The Government first announced plans for a shared ownership right to buy in October 2019. At the time the sector raised concerns about the impact the plans would have on housing associations ability to borrow. An election and a pandemic later the Government announced, during the CIH Housing Festival last week, the return of the right to shared ownership as part of its Affordable Homes Programme (AHP).
The HCA (Homes and Communities Agency) has concluded its consultation on an amendment to the Tenant Involvement and Empowerment Standard (TIE Standard) on whether or not to require a greater level of consultation when landlords transfer stock or change management arrangements.
The consultation considered necessary changes in response to “asset freedoms” coming into force from 6 April 2017, which mean that housing associations no longer need permission from the HCA to sell or charge their assets, make certain constitutional changes or restructure.
The consultation, for which 192 responses were received, has now concluded. As a result of the consultation, paragraph 2.2.3 of the TIE Standard was amended on 14 July 2017:
From: 2.2.3 ‘Registered providers shall consult with tenants setting out clearly the costs and benefits of relevant options if they are proposing to change their landlord or when proposing a significant change in their management arrangements.’ [THIS IS NO LONGER IN FORCE]
To: 2.2.3 ‘Where registered providers are proposing a change in landlord for one or more of their tenants or a significant change in their management arrangements, they shall consult with affected tenants in a fair, timely, appropriate and effective manner. Registered providers shall set out the proposals clearly and in an appropriate amount of detail and shall set out any actual or potential advantages and disadvantages (including costs) to tenants in the immediate and longer term. Registered providers must be able to demonstrate to affected tenants how they have taken the outcome of the consultation into account when reaching a decision.’ [NOW IN FORCE]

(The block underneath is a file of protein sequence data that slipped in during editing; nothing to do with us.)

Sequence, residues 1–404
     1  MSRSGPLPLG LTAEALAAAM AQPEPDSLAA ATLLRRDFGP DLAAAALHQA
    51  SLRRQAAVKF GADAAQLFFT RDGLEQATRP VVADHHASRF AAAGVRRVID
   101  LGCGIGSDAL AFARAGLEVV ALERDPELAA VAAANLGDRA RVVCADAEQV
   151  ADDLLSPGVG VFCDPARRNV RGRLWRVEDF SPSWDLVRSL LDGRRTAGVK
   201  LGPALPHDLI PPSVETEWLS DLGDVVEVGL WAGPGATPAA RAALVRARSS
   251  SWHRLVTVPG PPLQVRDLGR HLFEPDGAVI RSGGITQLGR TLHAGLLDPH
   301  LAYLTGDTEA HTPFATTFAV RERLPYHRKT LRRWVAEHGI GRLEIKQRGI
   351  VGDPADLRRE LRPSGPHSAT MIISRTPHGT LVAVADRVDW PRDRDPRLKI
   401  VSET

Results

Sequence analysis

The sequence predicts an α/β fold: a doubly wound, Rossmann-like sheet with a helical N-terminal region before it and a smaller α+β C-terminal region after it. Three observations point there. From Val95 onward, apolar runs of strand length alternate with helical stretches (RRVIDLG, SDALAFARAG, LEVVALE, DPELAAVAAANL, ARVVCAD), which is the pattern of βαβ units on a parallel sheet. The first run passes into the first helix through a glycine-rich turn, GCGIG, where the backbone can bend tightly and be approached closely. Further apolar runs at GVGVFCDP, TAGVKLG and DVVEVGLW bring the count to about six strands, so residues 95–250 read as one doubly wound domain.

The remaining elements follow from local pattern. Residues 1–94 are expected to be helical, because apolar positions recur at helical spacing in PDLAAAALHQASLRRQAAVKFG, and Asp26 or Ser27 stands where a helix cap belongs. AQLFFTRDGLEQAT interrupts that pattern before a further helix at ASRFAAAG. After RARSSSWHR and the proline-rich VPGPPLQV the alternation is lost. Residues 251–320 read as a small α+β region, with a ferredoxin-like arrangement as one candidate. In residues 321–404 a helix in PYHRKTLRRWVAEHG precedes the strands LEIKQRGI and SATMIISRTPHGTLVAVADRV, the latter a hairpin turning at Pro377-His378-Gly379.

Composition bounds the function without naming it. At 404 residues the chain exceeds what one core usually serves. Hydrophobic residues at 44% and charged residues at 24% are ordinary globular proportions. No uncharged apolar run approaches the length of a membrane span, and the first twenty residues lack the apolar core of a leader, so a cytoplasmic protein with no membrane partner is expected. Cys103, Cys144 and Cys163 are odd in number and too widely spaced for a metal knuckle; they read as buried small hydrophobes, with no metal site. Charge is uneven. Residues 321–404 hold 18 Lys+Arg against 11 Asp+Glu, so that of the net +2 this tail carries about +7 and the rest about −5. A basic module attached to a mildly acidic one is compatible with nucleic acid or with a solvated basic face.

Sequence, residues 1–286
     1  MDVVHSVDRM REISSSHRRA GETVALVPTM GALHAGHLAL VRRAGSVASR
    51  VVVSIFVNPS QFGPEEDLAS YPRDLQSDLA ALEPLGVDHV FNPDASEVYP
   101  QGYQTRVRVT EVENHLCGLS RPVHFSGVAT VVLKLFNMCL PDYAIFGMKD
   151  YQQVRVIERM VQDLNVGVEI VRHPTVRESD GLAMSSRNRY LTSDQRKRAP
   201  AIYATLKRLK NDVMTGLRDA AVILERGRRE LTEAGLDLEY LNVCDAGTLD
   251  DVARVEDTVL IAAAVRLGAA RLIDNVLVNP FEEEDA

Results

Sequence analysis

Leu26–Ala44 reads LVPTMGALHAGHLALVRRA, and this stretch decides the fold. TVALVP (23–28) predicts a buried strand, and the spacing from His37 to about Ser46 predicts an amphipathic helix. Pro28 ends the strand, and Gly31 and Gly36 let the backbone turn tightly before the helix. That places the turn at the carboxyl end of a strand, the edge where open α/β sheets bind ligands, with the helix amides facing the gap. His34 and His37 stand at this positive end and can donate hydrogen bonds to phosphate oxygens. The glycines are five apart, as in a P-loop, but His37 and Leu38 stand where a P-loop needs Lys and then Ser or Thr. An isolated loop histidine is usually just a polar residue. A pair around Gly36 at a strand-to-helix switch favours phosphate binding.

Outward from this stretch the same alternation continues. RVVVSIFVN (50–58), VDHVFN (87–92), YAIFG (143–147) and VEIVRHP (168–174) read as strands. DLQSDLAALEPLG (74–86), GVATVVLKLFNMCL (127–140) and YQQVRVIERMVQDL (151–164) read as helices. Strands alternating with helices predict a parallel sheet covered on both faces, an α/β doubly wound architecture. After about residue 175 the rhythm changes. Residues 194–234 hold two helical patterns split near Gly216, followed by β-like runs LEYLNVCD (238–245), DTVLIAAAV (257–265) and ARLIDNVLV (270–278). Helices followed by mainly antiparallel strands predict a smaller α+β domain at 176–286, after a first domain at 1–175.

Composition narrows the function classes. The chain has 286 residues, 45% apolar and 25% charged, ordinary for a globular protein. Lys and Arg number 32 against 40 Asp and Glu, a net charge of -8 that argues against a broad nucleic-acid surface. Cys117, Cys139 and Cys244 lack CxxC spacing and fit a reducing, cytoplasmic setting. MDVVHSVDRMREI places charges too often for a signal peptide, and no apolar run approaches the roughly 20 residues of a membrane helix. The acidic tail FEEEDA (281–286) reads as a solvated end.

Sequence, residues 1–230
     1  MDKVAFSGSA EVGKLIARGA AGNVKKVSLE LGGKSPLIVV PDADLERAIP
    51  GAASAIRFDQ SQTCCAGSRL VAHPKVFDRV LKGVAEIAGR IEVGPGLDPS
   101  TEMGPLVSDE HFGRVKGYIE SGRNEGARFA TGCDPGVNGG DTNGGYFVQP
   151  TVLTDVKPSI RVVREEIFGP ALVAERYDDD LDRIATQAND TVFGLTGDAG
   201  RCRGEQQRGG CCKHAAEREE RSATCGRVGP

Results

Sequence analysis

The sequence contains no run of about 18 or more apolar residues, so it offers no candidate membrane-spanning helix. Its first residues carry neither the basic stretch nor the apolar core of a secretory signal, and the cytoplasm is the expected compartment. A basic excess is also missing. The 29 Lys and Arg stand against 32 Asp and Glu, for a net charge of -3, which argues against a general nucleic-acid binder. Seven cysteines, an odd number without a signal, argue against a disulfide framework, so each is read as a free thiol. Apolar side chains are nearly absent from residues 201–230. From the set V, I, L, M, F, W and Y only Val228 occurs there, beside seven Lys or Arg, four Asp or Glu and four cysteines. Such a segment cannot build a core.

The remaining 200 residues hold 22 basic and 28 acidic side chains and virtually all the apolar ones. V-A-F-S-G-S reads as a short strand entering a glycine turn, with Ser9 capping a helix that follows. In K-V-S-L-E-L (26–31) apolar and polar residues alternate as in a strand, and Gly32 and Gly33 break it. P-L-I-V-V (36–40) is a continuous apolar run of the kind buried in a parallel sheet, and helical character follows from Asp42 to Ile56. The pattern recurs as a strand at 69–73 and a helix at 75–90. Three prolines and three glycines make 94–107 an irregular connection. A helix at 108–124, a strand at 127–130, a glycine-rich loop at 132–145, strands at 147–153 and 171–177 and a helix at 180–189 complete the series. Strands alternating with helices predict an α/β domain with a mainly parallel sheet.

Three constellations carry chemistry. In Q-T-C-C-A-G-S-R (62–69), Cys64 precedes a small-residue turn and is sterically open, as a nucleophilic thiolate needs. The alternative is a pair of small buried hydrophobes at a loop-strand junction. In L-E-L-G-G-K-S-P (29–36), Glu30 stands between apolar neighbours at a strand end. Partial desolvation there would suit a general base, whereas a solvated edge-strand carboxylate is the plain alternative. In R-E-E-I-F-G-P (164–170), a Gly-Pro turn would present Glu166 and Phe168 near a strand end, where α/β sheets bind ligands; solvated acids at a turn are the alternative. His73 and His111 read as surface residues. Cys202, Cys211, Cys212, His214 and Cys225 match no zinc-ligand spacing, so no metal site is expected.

In summary, the changes are as follows:
- The term ‘Tenants’ has been changed to ‘affected tenants.’ This is to stop the consultation requirements from becoming disproportionately burdensome. For example, if a large provider with 10,000 units was changing the landlord for 10 tenants, they would only need to consult with the 10 affected tenants instead of all 10,000 tenants.
- Consultations must take place in a ‘fair, timely, appropriate and effective’ manner. This is designed to encourage consultations to be meaningful and not just a tick-box exercise. There is no specific definition of these terms, however, so how it is applied will vary depending on the circumstances.
- ‘Proposing to change their landlord’ was replaced with ‘proposing a change in landlord for one or more of their tenants’. This clarified that no matter how small the disposal or number of tenants affected, consultation must still occur.
- It was included within the TIE Standard that providers should set out ‘clearly and in an appropriate amount of detail and shall set out any actual or potential advantages and disadvantages (including costs) to tenants in the immediate or longer term.’ This is to ensure that information given to tenants will cover possible future risks. The wording initially proposed was ‘over the short, medium and long term’, but, following the consultation accepting this was overly specific and unclear, this was amended to the ‘immediate or longer term’.
- A requirement that ‘Registered providers must be able to demonstrate to affected tenants how they have taken the outcome of the consultation into account when reaching a decision’ was added to the TIE Standard. This wording is designed to ensure that providers can show they took the consultation outcome into account, but ultimately leaves the final decisions in their hands.
For more information on the consultation, please see here.
If you have any queries regarding the content of this article, please contact Katherine Raison.
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